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n. Ecclesiastical
The administration of the Eucharist by dipping the host into the wine and thus offering both simultaneously to the communicant.

[Late Latin intinctiō, intinctiōn-, a dipping in, from Latin intinctus, past participle of intingere, to dip in : in-, in; see in-2 + tingere, to moisten.]


(Ecclesiastical Terms) Christianity the practice of dipping the Eucharistic bread into the wine at Holy Communion
[C16: from Late Latin intinctiō a dipping in, from Latin intingere to dip in, from tingere to dip]


(ɪnˈtɪŋk ʃən)

(in a communion service) the act of steeping the bread or wafer in the wine, enabling the communicant to receive the two elements conjointly.
[1550–60; < Late Latin intinctiō baptism, immersion]
References in periodicals archive ?
Hushpuppy breaks the piece of breaded gator, dips it in the red sauce, and feeds it to her father before taking a bite herself, reminiscent of Eucharistic intinction.
For example, at the new service we offer Communion by intinction.
A Service of Holy Communion by intinction was offered first to the bridal party and then to the congregation.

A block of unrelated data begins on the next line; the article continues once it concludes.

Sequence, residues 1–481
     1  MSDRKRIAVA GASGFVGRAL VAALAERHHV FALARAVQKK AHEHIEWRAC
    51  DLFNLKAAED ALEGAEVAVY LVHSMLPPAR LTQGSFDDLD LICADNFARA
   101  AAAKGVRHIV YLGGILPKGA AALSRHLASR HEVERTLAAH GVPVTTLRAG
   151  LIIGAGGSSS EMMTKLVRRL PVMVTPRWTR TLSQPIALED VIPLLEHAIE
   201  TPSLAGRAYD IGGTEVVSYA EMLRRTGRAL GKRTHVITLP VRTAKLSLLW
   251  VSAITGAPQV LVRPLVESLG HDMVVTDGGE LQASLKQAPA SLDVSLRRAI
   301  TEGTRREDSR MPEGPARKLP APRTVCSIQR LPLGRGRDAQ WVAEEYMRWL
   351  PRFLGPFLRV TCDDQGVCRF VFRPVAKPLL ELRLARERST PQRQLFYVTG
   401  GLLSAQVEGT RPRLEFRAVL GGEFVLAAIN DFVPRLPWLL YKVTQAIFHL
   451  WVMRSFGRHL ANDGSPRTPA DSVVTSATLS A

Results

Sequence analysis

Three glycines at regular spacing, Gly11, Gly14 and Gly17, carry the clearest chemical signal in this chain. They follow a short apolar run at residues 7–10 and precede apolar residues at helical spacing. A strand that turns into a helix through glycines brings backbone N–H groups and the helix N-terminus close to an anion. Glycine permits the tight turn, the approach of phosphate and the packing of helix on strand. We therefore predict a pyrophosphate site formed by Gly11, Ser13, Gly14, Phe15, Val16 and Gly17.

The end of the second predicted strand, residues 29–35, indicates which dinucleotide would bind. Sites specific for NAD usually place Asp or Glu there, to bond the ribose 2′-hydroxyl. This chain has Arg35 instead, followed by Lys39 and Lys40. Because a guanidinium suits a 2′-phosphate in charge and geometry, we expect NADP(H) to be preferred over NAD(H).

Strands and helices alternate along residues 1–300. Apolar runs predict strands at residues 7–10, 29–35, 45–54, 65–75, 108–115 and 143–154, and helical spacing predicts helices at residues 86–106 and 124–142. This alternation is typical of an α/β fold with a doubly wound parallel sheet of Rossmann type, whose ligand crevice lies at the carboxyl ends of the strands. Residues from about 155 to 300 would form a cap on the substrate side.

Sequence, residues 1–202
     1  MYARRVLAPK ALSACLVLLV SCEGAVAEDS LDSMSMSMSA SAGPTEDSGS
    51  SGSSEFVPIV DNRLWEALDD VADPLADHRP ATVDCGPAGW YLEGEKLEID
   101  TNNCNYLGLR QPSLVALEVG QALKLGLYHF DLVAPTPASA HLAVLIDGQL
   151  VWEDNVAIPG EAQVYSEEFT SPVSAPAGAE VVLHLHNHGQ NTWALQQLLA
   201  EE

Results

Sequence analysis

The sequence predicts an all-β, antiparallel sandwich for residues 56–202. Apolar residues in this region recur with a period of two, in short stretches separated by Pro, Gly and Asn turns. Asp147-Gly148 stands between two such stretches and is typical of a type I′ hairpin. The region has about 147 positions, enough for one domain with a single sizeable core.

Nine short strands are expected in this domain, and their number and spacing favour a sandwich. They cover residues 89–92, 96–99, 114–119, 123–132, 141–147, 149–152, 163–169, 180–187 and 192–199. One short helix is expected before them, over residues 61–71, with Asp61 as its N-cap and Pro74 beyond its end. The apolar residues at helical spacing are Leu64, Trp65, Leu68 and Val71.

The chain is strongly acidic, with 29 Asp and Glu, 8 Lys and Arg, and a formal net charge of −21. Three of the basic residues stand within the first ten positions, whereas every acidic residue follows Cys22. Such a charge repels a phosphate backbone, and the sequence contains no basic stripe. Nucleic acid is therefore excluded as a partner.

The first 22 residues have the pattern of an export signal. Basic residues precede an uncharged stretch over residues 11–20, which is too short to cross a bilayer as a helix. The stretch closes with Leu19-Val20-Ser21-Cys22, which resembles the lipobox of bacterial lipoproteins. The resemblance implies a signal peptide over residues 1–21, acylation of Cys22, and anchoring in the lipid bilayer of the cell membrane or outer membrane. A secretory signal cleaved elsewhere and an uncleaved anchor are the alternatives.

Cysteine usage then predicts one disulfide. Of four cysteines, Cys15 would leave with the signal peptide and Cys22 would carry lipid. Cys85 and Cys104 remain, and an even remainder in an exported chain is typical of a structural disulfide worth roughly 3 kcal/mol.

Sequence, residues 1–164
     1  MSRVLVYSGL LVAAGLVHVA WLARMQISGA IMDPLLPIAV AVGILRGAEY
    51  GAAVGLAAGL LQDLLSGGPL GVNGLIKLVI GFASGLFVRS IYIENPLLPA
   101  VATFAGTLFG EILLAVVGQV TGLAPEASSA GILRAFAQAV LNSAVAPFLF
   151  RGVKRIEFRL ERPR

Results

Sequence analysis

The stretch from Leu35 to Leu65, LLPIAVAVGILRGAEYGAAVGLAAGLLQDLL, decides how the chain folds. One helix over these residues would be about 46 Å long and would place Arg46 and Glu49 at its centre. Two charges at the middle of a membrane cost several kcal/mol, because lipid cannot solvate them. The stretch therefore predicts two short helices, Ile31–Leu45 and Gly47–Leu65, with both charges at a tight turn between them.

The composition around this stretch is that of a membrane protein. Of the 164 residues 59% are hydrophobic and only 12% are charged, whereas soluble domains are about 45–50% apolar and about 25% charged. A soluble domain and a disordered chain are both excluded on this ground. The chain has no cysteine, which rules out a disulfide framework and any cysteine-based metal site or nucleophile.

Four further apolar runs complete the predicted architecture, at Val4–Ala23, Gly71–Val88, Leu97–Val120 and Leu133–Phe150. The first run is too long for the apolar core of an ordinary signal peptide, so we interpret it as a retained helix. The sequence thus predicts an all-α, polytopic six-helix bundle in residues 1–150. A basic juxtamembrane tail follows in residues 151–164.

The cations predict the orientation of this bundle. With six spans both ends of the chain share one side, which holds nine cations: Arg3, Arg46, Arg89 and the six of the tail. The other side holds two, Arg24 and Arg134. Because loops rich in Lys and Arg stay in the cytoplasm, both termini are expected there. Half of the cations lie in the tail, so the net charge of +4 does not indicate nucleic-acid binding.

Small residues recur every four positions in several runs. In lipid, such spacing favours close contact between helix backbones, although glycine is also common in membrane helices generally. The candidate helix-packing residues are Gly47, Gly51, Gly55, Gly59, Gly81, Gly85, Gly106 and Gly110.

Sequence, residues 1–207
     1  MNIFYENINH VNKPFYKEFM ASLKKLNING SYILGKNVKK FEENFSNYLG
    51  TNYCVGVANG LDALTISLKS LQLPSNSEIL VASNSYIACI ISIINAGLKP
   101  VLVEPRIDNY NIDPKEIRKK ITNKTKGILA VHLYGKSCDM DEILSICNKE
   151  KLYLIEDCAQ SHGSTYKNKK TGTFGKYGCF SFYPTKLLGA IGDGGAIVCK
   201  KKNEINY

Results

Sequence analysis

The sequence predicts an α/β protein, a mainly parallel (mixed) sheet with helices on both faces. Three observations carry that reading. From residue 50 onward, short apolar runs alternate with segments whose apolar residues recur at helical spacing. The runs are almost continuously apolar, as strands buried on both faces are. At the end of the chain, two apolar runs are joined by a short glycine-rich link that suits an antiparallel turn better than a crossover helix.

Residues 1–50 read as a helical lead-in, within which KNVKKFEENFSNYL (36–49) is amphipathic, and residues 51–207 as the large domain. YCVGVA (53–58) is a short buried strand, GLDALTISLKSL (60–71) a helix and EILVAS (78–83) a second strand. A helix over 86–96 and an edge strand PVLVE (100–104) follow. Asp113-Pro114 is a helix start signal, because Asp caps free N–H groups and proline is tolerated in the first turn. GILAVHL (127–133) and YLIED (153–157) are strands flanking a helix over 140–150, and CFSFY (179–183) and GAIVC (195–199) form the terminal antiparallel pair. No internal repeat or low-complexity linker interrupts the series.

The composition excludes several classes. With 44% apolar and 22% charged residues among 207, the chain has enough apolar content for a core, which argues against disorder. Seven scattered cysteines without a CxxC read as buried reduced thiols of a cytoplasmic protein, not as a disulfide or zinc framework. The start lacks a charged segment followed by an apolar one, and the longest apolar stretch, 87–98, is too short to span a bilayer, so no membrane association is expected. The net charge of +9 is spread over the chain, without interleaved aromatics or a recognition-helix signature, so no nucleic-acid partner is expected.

Gould's research, updated and revised in 2000, advised against the use of intinction.
There have been suggestions that the practice of intinction - partially dipping the consecrated bread into the wine - would be an acceptable alternative to the common cup.
In the practice of intinction (receiving Communion under both species by dipping a host into the Precious Blood, "the communicants are not permitted to intinct the host themselves nor to receive the intincted host in the hand.
INTINCTION, where either the priest or parishioner dips the wafer into the wine.
These include bypassing the wine altogether; using fortified wine with a higher alcohol content to increase antimicrobial action; using individual spoons or individual cups; using a specially designed chalice from which many people can sip from separate compartments around the rim; intinction (the wafer is dipped into the wine either by the parishioner or by the priest); using chlorinated tap water during the consecration of the wine (the chlorine could help kill bacteria); dipping the purificator cloth into vodka to provide antimicrobial action; and distributing individually wrapped, sterile, disposable packs that contain a wafer and a small cup of wine (5,9,16-18,26,27,30).
Pastors give lengthy directions on the proper administration of the Eucharist by intinction or on how high the processional cross should be held.
Second, upon entrance to Knox College and attendance at Knox Spadina, I experienced holy communion by intinction.
Then, on top of all that, at the same time, many receiving the sacred elements partake of the non-Anglican practice of intinction, dipping the host in the consecrated wine.
Today, besides drinking directly from the cup, the faithful may receive by intinction, which is done only by the minister dipping the Host in the precious Blood and placing it directly on the tongue of the recipient.